It was the fifth time that my application was rejected. I was high-spirited that morning, cycling to school, imagining myself volunteering at a hospice in Maastricht. My hope was torn apart when I received an email rejecting my application, purely because I could not speak Dutch. I mean, there are tons of things that I can help in the hospice other than talking to the elderly. I can wash the dishes, clean up the rooms, move boxes, help the elderly down a flight of stairs, and serve food…, all without speaking Dutch!
My lack of Dutch language skills did not only limit me from doing volunteer work; I was rejected multiple times when I unknowingly signed up for some courses and lectures provided by Maastricht University in Dutch. I felt like opportunities were taken away from me. This had triggered my over-competitiveness. I decided to learn Dutch at the UM Language Centre on the second month of arrival at Maastricht.
I started by going to the B@sic Dutch courses that are offered for free to the first-year students. They were quite helpful in terms of introducing Dutch to a total foreigner. But it did not get me far from saying “Dank je wel” and “alstublieft”. Also, Dutch turned out to be somewhat like English, so the course seemed not very difficult. Hence, I decided to take the official Dutch course A1.
It was a pure recap of what I have learnt previously. I could even follow the course without putting in much effort and I obtained a decent grade for the A1 level exam. This was when I started to get cocky. I can already communicate in three different languages (Korean, English and Chinese) and I was quite confident that I could make Dutch my fourth one.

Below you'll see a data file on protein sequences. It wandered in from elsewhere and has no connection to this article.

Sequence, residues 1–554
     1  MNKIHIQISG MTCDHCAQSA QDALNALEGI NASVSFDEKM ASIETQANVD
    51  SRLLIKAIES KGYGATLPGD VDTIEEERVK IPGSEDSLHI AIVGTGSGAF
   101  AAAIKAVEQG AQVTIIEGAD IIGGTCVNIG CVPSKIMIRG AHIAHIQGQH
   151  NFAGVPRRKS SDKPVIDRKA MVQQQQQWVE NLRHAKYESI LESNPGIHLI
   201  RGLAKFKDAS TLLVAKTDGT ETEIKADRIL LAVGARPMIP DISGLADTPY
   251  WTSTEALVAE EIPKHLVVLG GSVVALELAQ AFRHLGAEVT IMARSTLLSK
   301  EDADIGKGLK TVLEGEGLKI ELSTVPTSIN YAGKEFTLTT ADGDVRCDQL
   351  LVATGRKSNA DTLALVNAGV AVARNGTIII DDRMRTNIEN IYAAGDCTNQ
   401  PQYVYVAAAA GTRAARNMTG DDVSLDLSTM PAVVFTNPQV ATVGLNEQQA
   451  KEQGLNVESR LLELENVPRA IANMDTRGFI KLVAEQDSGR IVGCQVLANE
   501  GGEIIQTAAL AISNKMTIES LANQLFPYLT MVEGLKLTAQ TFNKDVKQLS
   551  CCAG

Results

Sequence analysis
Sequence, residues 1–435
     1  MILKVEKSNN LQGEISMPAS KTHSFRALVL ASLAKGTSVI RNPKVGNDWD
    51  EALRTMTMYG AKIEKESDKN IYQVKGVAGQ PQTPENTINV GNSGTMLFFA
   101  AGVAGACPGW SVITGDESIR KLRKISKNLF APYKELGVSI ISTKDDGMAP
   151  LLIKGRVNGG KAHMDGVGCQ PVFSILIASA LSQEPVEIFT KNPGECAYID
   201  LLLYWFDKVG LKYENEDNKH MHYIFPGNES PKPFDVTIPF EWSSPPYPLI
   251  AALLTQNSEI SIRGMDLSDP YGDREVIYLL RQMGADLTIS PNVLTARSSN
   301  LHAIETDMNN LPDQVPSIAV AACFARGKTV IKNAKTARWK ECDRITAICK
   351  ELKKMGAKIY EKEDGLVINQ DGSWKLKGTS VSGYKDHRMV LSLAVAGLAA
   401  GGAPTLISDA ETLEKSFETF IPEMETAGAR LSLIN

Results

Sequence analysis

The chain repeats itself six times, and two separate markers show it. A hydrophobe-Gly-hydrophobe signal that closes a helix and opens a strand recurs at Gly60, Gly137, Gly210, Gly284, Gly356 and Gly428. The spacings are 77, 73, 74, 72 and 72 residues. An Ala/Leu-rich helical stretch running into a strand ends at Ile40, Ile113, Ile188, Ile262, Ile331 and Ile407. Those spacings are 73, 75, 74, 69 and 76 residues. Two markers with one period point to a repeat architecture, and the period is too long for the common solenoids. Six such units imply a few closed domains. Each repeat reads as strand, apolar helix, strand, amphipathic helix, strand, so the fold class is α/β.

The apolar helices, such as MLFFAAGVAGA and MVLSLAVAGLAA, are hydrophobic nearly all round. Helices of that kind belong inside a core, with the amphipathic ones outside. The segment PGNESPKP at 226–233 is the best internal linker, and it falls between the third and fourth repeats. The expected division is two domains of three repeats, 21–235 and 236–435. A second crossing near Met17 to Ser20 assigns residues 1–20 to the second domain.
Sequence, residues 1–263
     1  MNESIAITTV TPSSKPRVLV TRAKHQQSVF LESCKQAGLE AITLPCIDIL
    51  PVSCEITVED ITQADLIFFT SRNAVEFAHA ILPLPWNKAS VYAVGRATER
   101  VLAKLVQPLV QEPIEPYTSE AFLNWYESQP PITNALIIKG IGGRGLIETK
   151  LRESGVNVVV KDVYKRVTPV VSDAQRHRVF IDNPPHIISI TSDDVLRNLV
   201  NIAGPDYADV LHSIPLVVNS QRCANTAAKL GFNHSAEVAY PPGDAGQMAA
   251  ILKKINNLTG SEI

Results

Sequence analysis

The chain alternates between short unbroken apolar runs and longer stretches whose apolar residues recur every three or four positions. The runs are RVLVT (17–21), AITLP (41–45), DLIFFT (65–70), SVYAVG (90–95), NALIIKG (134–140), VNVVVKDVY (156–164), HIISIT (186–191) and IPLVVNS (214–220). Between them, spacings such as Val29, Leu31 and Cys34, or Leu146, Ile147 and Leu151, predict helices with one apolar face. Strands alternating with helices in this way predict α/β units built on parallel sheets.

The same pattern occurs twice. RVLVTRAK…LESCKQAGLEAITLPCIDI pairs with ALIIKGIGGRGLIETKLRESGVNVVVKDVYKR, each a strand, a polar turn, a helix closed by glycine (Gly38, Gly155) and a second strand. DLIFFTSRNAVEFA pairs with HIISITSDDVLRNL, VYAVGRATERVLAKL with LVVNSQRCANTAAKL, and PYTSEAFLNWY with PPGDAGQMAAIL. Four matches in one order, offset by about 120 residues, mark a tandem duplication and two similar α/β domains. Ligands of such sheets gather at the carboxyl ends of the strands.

I moved onto A2. This was when the war in my head started. Although I have learnt three different languages, all of them came naturally to me as I have been speaking them since a young age and I just had to blindly follow the school curriculum to be fluent in them. Learning a new language as an adult was a totally different thing. When I wanted to make a sentence in Dutch, I had to think of the vocabulary, grammar and the meaning I want to bring across all at the same time. And try very hard to not to translate the sentence directly from Korean, Chinese or English. This is like fighting a war against three different enemies at the same time for every sentence I say.
However, I am getting used to the ongoing battle in my head and I am actually having fun in challenging myself. Through this journey, I have realised that practice does not make perfect, but it does make for fewer mistakes. Now, my supermarket-Dutch is quite up to standard, which is already a great improvement. I dream of the day when I can watch the Dutch news without any subtitles. Dutch B1- course, here I come.
Su Min Pack